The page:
I can redefine chaos theory.

Right now, less than 6 months away from the (scheduled) end of my PhD, I am up to my neck in data, analyses and literature that need reading, re-reading, interpreting and writing, up to my eyeballs in anxiety about how I’m actually going to put my thesis together and have a fighting chance of passing my viva in July, and just about buried under my incredulity at being asked to teach a workshop series for 11 weeks next semester to a group of rowdy undergraduates. On top of all that, I also increasingly need to think about my life after my PhD (assuming I actually finish my PhD at some point, which still seems impossible at times) and keep up with a host of irritating errands that seem to keep popping up…like eating and sleeping. And showering. I seem to need to keep showering. According to my mum, these bizarre errands form part of something known as ‘everyday life’.


Anyway, what I’m trying to illustrate here is that apart from the chaos of all of the above, I very often feel at a loss with regards to my work because my mind is in a state of chaos as well. This is especially annoying when my supervisors, whom I otherwise adore, tell me with apparent admiration that I am such an organised person. Actually, I have been told I am organised by quite a few people since I started grad school – at least two of my lab colleagues, a professor in another department whose research methods seminars I took for a semester, two of my three supervisors, the Dean of my department, and that bloke from Queensland who processed my passport renewal application at the Aussie high commission in London a couple years ago.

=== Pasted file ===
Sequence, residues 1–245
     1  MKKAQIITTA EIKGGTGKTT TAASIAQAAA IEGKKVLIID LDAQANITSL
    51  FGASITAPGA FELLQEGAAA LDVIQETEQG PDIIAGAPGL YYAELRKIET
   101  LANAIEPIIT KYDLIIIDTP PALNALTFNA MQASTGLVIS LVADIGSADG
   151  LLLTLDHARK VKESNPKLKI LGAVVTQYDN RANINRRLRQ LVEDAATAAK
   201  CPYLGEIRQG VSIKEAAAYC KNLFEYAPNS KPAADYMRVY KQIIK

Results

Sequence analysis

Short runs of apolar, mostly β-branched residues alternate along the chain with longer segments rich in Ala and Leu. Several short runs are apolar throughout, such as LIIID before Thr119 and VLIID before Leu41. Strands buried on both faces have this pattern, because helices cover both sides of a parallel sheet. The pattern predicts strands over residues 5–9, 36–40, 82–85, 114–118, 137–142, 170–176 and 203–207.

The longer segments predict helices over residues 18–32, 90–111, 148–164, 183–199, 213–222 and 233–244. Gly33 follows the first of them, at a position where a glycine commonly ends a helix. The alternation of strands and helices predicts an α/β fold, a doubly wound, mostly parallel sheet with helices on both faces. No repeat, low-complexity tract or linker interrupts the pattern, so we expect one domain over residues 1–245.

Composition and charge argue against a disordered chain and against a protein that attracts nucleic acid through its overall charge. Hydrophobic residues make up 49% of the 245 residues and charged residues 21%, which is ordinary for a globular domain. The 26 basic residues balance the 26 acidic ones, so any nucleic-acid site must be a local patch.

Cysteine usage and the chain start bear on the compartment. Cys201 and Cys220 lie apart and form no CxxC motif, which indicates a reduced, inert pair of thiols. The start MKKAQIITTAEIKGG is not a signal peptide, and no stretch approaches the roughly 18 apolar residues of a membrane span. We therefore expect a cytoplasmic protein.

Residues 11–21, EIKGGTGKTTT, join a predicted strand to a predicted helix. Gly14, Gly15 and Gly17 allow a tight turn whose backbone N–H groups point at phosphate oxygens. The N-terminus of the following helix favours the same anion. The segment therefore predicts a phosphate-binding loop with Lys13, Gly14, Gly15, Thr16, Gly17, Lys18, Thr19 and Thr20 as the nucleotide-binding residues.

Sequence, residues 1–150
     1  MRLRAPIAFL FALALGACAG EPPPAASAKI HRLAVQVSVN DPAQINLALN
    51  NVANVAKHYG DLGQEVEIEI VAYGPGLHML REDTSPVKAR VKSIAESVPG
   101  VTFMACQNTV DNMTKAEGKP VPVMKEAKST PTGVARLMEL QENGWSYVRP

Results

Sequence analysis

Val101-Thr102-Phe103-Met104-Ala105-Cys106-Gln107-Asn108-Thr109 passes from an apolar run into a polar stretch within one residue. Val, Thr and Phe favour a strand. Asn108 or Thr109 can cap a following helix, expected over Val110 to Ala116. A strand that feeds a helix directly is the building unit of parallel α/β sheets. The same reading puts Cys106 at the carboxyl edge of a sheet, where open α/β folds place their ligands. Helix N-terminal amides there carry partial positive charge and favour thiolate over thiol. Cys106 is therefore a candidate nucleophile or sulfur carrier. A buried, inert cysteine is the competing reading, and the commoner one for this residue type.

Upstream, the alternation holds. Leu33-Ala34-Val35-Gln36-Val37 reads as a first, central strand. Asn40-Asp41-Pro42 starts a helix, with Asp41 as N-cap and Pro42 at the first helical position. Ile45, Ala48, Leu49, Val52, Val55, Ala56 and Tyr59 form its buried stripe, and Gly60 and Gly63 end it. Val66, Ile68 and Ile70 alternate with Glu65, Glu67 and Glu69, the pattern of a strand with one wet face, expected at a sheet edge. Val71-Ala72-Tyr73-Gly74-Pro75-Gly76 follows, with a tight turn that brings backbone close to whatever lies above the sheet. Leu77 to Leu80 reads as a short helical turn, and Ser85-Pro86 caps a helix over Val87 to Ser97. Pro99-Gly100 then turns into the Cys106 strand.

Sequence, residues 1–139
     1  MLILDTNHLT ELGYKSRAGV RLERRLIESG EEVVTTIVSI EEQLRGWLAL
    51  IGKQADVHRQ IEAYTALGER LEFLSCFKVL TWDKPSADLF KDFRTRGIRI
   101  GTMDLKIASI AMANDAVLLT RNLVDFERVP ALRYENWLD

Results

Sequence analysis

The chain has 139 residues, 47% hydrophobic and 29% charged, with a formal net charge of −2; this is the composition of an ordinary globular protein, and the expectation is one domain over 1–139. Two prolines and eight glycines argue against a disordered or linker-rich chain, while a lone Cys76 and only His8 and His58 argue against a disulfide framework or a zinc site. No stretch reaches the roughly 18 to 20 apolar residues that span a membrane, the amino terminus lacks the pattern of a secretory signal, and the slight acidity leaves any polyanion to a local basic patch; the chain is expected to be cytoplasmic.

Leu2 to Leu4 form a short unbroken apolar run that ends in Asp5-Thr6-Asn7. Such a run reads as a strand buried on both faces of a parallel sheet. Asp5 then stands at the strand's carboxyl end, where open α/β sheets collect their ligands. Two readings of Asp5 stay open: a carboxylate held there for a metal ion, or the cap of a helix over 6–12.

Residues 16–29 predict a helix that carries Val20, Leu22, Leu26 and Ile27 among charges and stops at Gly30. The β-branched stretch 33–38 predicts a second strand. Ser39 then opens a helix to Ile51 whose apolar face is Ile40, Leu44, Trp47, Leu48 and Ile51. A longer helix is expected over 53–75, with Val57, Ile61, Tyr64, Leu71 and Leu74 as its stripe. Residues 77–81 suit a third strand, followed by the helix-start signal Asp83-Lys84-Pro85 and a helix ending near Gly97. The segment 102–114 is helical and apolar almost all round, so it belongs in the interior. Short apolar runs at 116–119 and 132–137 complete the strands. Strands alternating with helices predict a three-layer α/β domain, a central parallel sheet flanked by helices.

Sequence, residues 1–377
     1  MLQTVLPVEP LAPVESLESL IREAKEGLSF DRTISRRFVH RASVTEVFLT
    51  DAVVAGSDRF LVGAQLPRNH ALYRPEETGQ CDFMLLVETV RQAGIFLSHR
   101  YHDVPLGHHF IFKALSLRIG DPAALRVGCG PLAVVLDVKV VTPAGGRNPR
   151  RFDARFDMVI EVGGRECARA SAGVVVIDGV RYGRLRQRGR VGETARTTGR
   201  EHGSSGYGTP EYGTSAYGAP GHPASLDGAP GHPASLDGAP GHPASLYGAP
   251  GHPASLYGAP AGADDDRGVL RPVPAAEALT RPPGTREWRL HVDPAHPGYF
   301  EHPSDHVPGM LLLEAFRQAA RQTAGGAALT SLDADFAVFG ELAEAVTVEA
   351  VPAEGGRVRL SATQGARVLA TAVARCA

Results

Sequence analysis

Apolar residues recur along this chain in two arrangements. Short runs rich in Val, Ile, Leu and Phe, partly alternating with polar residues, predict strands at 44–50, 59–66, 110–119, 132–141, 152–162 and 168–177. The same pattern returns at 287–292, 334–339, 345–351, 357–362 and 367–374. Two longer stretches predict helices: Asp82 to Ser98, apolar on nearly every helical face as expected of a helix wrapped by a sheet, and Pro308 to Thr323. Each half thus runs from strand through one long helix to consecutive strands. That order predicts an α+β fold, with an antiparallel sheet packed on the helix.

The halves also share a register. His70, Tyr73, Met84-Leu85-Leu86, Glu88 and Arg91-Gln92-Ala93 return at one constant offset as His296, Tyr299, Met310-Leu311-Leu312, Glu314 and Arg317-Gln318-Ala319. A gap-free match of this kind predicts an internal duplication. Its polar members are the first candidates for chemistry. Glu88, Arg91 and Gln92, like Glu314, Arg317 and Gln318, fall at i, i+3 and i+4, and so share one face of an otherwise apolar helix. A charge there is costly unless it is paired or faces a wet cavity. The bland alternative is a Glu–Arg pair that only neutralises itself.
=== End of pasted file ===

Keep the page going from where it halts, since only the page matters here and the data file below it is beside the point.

I’m telling you, people, I may seem the picture of organisation on the outside, but my mind is like a minefield littered haphazardly with all manner of academic and non-academic junk such that the phenomenological Me wandering through it in a vain attempt to understand myself and the significance of my work (if it has any significance at all) has frequently to jump, hop, swerve and somersault through the mess in order to navigate it, and even so does not make much progress in comprehending it.

I mean, a mind that can even produce a sentence like the one just above has got to be in for trouble when it comes to writing a thesis – a long, complex document that desperately requires a clear, logical, flowing structure and narrative.

More chaos to be added to my week:

Tuesday: A day trip to Wales to present a paper at a conference. I SWEAR I’m not doing any more of these until I have submitted my thesis!!!

Wednesday: Spending all day running my final analyses and probably getting confused and frustrated.

Thursday: More work on analyses.